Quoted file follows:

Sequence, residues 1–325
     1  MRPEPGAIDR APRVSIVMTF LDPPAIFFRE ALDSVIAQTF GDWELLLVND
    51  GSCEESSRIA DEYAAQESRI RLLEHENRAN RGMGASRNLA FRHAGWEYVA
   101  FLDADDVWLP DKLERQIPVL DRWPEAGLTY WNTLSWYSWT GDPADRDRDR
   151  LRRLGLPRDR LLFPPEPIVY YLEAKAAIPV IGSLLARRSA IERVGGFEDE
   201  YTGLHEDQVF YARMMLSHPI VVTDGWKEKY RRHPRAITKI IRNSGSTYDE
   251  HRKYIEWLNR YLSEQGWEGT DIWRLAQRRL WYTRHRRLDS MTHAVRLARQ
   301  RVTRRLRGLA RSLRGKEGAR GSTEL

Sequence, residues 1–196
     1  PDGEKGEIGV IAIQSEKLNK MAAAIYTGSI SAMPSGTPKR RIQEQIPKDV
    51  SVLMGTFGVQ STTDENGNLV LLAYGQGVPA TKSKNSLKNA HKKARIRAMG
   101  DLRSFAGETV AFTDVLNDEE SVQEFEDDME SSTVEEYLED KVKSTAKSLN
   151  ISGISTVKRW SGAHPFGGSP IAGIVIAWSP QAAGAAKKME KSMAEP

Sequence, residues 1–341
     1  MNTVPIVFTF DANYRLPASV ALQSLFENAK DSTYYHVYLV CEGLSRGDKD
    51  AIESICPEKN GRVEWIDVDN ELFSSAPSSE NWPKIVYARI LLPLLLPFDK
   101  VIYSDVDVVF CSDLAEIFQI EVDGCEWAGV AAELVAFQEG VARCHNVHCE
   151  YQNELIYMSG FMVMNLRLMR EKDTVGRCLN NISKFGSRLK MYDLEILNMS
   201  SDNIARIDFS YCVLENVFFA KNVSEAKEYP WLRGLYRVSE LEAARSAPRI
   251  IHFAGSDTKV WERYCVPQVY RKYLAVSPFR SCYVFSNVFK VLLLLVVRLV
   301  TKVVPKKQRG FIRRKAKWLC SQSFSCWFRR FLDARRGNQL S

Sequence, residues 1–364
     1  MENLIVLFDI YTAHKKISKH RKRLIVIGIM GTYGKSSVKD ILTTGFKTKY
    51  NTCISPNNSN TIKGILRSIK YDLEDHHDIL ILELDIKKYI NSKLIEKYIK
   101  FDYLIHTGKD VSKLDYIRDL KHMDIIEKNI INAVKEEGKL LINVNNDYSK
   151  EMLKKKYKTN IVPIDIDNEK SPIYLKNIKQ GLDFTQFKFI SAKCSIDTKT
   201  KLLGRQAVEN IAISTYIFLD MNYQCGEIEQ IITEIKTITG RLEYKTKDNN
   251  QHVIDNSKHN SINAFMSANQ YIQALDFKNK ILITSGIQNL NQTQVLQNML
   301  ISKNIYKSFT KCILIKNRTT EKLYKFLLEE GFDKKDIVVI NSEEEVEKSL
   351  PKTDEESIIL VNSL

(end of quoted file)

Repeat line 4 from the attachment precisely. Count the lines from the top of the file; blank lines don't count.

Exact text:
   101  FLDADDVWLP DKLERQIPVL DRWPEAGLTY WNTLSWYSWT GDPADRDRDR